Tuesday, March 31, 2020

Water diversion and the navel of the world

I was feeling a little cabin feverish yesterday, even after walking for a couple of miles. I needed a new vista. So I drove to Arivaca Lake.

Its main attraction is fishing, either from boats or the shore. There’s a little room for camping, but I didn’t stay. I poked around on the fishermen’s trails for a while, had lunch, then headed back to the refuge.

Since my transportation is also my home, I can move camp on a whim. The green map showed a couple of campsites on the west side of the highway, much closer to Baboquivari Peak. Maybe they were vacant. One of them was. So here I am now.

Baboquivari Peak is the most sacred place to the Tohono O’odham people. It is the center of the Tohono O’odham cosmology and the home of the creator, I’itoi. According to tribal legend, he resides in a cave below the base of the mountain.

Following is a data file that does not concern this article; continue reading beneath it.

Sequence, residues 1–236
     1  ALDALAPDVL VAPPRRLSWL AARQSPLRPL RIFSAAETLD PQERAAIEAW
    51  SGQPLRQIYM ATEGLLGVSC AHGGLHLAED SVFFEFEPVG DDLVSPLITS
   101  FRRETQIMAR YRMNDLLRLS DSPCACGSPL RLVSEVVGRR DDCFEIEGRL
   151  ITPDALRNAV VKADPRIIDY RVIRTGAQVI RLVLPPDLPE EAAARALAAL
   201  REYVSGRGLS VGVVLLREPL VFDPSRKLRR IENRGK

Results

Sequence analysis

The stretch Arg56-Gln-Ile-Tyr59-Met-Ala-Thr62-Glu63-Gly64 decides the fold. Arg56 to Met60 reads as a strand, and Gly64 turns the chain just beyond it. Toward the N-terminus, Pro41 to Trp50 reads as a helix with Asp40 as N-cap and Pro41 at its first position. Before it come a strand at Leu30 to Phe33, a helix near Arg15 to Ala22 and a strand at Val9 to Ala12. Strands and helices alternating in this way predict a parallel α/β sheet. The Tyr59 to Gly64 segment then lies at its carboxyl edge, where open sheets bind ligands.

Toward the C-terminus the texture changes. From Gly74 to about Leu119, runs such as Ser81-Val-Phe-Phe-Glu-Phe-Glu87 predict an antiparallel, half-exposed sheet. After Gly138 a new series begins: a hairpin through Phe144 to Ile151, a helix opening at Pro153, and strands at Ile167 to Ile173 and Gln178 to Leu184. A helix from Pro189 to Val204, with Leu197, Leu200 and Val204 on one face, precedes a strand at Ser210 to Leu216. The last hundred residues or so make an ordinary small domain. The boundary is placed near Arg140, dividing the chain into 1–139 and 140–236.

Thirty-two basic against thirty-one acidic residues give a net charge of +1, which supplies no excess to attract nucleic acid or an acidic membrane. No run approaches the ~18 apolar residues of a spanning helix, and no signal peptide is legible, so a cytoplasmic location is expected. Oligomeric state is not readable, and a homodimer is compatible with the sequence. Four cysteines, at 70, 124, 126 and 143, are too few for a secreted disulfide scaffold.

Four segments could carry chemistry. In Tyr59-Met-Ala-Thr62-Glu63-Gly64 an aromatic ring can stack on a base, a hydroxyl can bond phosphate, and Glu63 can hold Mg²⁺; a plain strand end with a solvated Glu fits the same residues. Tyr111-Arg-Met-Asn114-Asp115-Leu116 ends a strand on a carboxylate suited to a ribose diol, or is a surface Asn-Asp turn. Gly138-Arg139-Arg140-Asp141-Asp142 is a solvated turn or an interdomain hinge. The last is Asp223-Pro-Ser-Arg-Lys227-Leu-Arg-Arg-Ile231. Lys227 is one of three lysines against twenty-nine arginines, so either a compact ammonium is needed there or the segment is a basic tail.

This mountain is regarded by the O’odham nation as the navel of the world — a place where the earth opened and the people emerged after the great flood. (Wikipedia)


  1. There has to be a connection here. Is there Arivaca Lake close enough to Baboquivari to pass as a remnant of the great flood?

    And certainly if one is thinking of innies vs outties, Baboquivari would set a fine standard for an "outie." Are you making inquiries as to whether outties (one T or two?) are more revered?

    1. It could pass, but it's man made. The Sea of Cortez is fairly close, though.

  2. Interesting area, thanks Al, I enjoy your posts ALOT, as I'm sure many other seasoned tramps that never comment because isolationists generally only talk to their pets.